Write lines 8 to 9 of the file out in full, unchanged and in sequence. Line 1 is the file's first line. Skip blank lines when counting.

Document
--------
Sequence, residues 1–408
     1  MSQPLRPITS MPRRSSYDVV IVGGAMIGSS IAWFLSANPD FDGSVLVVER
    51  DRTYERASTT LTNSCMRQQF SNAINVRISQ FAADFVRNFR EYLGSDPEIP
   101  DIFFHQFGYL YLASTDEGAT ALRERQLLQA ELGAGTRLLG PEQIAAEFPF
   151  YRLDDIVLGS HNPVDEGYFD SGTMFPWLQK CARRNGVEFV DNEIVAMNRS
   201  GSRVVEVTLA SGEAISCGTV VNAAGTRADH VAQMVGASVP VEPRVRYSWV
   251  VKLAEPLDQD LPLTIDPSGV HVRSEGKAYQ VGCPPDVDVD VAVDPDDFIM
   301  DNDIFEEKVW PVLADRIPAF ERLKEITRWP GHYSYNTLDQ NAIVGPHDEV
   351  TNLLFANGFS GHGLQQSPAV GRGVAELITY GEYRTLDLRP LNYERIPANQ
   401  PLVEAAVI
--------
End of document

   301  DNDIFEEKVW PVLADRIPAF ERLKEITRWP GHYSYNTLDQ NAIVGPHDEV
   351  TNLLFANGFS GHGLQQSPAV GRGVAELITY GEYRTLDLRP LNYERIPANQ